It stressed the safety of the ships, including the following points: 1) “The hull is a high-integrity structure designed to withstand significant battle damage. Reactor compartments are located within the central, most protected section of the ship.” 2) “The average power level of reactors on nuclear-powered aircraft carriers over the life of the ship is less than 15% of their full rated power, and reactors are normally shut down shortly after mooring.” 3) “U.S. nuclear powered warships have safely operated for more than 50 years without experiencing any reactor accident or any release of radioactivity that hurt human health or had an adverse effect on marine life.”

However, in early August, prior to the deployment of the George Washington, it was revealed that over a period of two years water with trace amounts of radioactivity had been leaking from the USS Houston, a nuclear submarine that made port calls in Yokosuka, Sasebo in Nagasaki Prefecture and White Beach in Uruma, Okinawa, during that time. Though only trace amounts, it was the first time the U.S. Navy disclosed the leakage of radiation in Japan, and the local governments affected lodged strong protests. This cast a shadow on the ship’s safety, which should be ironclad, so the efforts of the U.S. government and the navy to reassure the public were seemingly for naught.

It was also disclosed that the May 22 onboard fire that delayed the deployment of the George Washington to Yokosuka by one month was caused by smoking in violation of the ship’s rules. This exacerbated concerns about the “quality” of the ship’s crew.

In anticipation of the deployment of the George Washington, Kanagawa Prefecture and the City of Yokosuka increased from four to 10 the number of radiation monitoring posts near the base. Under the basic premise that the safety of local residents must be assured, they have undertaken strict monitoring for radiation leaks.

Operations: Situation in the Far East is key

With the deployment of the nuclear-powered carrier in Japan, its domestic operations have become the focus of attention. The USS Kitty Hawk, which was stationed in Yokosuka prior to the George Washington, made a friendly port call in Muroran in Hokkaido in October 2007 for refueling as well as rest for the crew and goodwill interactions with the local people. Will the George Washington make similar port calls to civilian ports?

With regard to this point, in an earlier diplomatic memorandum, the U.S. government clearly stated that the port calls of nuclear-powered warships are limited to Yokosuka, Sasebo and White Beach.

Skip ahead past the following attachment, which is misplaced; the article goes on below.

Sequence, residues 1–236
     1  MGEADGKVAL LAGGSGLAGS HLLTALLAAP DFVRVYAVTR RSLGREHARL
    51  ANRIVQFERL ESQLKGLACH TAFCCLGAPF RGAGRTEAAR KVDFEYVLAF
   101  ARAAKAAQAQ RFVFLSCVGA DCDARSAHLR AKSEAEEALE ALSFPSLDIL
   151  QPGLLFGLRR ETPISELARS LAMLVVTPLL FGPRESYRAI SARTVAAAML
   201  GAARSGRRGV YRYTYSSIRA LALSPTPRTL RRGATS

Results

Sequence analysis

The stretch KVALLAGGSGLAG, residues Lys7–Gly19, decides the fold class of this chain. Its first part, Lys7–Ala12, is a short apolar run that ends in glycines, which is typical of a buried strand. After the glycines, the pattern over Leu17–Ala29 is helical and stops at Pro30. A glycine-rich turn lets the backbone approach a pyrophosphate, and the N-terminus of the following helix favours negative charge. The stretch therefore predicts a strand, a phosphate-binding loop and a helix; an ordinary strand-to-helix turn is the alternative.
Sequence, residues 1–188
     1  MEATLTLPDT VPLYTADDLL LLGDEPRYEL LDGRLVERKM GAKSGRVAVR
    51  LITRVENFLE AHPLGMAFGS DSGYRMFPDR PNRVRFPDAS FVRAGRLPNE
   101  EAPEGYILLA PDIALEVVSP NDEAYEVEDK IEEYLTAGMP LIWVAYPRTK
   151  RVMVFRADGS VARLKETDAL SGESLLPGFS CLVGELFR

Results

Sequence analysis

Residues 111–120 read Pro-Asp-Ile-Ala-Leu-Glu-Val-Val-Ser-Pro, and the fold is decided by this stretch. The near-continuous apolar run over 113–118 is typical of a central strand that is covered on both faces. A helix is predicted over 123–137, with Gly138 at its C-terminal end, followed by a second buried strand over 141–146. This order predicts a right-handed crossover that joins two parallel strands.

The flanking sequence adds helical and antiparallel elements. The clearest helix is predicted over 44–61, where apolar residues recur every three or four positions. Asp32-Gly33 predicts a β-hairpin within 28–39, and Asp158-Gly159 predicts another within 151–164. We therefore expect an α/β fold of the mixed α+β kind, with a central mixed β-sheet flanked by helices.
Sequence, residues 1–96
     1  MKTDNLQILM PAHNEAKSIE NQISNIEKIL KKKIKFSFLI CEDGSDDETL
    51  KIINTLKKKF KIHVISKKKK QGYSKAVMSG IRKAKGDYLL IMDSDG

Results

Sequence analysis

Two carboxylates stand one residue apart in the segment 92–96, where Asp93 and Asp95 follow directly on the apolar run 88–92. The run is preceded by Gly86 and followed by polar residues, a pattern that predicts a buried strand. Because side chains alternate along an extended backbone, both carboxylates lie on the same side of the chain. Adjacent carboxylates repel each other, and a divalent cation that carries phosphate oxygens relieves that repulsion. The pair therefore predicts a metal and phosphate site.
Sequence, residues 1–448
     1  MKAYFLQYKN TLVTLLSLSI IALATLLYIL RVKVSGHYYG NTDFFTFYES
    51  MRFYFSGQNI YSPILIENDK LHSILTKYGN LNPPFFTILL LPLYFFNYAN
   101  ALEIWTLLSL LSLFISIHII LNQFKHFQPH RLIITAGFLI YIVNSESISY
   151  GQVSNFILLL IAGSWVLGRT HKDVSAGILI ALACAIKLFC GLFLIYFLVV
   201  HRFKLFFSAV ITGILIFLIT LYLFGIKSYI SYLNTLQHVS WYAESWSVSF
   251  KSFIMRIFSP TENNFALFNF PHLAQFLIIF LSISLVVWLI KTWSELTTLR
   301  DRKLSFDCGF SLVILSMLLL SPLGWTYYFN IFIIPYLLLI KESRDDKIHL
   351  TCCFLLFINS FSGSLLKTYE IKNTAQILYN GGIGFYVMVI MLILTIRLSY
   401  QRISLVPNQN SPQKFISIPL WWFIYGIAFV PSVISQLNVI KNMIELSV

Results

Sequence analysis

After the ceremony welcoming the George Washington to Yokosuka, Rear Admiral Richard B. Wren, commander of the Carrier Strike Group 5, held a press conference. When asked about the possibility of port calls at civilian ports, he simply said the George Washington might call at ports that had previously been visited by nuclear-powered vessels.

However it must be remembered that this memorandum was written in 1964, long before the deployment of the nuclear-powered carrier. Furthermore, this permanent deployment is completely different from the brief port calls that have been made since nuclear submarines first began making port calls in Japan in 1964, which were intended to offer the crew rest and to re-supply the ship.

Will this rule limiting the aircraft carrier, which is essential for the U.S. Navy’s mobilization force, to three ports continue to be adhered to even in the event of an emergency just because of the difference in its method of propulsion? And will preliminary inspections be made in preparation for such an emergency? There is growing skepticism in this regard.

After the landing base for the carrier’s aircraft is changed from the Navy’s Atsugi base in Kanagawa Prefecture to the Marine Corps Air Station in Iwakuni, many personnel working with the carrier-borne aircraft squadron will have to travel whenever the ship leaves or enters port.

Even if the situation changes, can the Japanese government and the U.S. naval forces in Japan state with certainty that the memorandum issued more than 40 years ago will still be complied with? If tensions should heighten in the Far East, it is possible the George Washington may expand its operations to include at the very least the Japan Sea side of the Chugoku Region and the coastal waters relatively near the base in Iwakuni.

(Originally published on October 19, 2008)